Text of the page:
The report is released to coincide with Number Confidence Week which kicks off 1 November, seeking to help boost the way the nation feels about numbers.
Over the past six months, National Numeracy has tracked the reasons 26,000 people have given for wanting to improve their number confidence and skills when using the National Numeracy Challenge online tool. The leading reason given is ‘to get on in work’.
Analysis shows that improving both number confidence and skills gives a bigger boost than skills or confidence alone, when it comes to feeling more able to take next steps in to work: 61% of confidence and skill improvers (1,379 people) said they felt more able to get a qualification, find a job or get on at work.
But, crucially, improving confidence with numbers alone was enough to give a big boost to feeling better able to get on at work: 48% (892 people) who improved their number confidence, but not their skills, feel better able to get a qualification, find a job or get on at work.
While just improving skills, but not confidence, boosts feelings of being better able to get on in work, it’s to a much lesser degree than when confidence is also improved: 20% (192 people) of people who improve their number skills, but not confidence felt better able to get a qualification, find a job or get on at work.
The charity also found that women feel significantly less confident with numbers than men, even when they have a high level of skill with numbers.
These new findings supplement research for National Numeracy carried out in May 2021 of a nationally representative survey of 2,000 adults (18+) that found nearly one in five people (18%) avoid applying for a job or qualification because it, or the interview process, involves maths.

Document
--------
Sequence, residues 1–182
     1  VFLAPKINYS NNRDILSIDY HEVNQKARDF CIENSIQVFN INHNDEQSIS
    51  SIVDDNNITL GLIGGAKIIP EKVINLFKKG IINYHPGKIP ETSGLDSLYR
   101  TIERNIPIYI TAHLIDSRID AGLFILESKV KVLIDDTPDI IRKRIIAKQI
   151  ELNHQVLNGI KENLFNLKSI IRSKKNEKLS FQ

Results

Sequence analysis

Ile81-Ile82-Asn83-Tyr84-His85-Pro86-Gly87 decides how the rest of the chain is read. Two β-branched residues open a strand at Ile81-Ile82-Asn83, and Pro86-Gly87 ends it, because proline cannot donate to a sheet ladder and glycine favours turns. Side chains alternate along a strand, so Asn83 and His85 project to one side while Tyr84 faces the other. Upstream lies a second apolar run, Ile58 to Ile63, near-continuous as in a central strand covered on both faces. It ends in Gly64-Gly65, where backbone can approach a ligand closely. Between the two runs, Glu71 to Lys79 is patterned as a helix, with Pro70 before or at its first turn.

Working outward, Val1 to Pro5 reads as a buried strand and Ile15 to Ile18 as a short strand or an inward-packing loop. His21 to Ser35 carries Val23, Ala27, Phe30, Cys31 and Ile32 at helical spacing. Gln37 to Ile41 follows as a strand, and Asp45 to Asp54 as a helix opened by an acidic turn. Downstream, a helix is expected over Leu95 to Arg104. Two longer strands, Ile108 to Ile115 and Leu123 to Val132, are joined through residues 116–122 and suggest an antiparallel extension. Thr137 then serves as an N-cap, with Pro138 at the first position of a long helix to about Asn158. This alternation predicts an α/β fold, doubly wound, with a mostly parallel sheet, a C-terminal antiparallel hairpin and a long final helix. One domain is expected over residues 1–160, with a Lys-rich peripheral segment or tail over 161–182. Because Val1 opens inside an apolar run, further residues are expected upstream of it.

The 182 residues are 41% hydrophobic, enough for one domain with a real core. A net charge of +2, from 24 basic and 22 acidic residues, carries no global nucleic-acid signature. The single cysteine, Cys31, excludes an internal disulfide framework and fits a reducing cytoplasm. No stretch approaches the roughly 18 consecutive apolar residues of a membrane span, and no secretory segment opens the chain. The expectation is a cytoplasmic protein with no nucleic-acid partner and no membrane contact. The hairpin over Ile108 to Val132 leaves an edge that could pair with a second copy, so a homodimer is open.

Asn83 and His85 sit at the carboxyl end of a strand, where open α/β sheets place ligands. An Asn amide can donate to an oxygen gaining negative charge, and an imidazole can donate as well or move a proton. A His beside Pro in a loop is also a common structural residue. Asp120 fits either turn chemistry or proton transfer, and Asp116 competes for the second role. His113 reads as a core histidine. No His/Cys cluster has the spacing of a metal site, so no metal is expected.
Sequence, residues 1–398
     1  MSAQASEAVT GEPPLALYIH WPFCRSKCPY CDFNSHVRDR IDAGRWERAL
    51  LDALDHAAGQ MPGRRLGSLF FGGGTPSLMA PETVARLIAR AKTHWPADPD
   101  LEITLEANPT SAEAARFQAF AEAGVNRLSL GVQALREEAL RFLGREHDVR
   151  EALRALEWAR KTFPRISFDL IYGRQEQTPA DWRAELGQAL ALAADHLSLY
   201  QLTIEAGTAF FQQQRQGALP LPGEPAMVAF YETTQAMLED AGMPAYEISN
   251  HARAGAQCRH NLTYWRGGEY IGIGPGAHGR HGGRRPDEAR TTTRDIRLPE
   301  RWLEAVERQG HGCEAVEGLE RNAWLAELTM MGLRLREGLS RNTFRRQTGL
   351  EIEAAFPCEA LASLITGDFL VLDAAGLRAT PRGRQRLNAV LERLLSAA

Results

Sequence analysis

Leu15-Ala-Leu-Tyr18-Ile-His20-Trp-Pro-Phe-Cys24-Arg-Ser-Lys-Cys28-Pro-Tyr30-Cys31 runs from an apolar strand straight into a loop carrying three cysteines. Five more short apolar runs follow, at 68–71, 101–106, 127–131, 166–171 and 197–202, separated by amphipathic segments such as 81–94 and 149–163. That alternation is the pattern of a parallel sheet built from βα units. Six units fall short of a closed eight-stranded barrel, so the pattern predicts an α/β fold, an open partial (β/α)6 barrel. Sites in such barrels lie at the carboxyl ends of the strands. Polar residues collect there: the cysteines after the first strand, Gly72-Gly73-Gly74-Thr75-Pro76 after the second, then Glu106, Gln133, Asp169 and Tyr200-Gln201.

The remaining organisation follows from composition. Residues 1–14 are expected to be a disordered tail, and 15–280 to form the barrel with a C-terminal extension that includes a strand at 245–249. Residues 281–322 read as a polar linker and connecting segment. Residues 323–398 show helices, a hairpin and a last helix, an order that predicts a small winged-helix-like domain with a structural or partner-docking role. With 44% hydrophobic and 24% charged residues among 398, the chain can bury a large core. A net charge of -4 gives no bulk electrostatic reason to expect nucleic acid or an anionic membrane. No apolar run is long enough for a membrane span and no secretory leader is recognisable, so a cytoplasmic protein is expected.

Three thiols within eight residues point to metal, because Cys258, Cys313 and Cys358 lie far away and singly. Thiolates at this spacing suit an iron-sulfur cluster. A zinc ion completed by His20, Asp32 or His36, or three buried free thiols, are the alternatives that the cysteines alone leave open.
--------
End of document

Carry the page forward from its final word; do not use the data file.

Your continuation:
The data reflects what National Numeracy has found on the ground – employers and employees reporting problems with number confidence and maths anxiety blocking the pipelines to key progression routes, such as apprenticeships.
So it is therefore crucial that greater attention is paid to improving confidence as a stepping-stone to improving skills, opening up access to learning and progression opportunities, and the benefits for employment that improved numeracy brings. That’s where Number Confidence Week comes in.
Number Confidence Week offers a week of fun, useful content with celebrities, experts and numeracy improvers. From livestreams to downloads, video resources to kids’ activities, there is something to help everyone feel more number confident. Kicking off on Monday 1 November, the week covers three crucial topics: supporting your children; managing your money; and getting into, or on, at work. Number Confidence Week is supported by leading global markets infrastructure and data solutions provider, TP ICAP, and as always, everything is entirely free for view and use.
Sam Sims, Chief Executive of National Numeracy said: “Feeling confident about numbers is a game-changer. Our research shows that confidence unlocks the door to skills-building and feeling better able to get in to work or get on at work or get a qualification. That’s why, this Number Confidence Week, we want to inspire as many people as possible to feel more comfortable and confident with everyday maths. Number confidence really is the foundation for opening up opportunities and brighter futures.”
Nicolas Breteau, Group Chief Executive of TP ICAP, the founding partner of Number Confidence Week, said: “We know that numeracy is crucial in today’s world, not only for the success of our industry but also in enabling individuals to make better choices for their finances and careers. Our research has shown that low confidence with numbers remains a significant barrier for many, and often holds talented individuals back from considering a career in financial services. It’s important that we change that, which is why we became a founding partner of Number Confidence Week”
Boosting numeracy levels in the UK is key to building a skilled nation able to recover from the pandemic after a period of immense instability in our job markets. The UK’s numeracy levels are significantly below the average for developed countries, with 49% of the UK’s working-age population having the expected numeracy levels of a primary school child. And poor numeracy costs the UK economy a staggering £25 billion a year.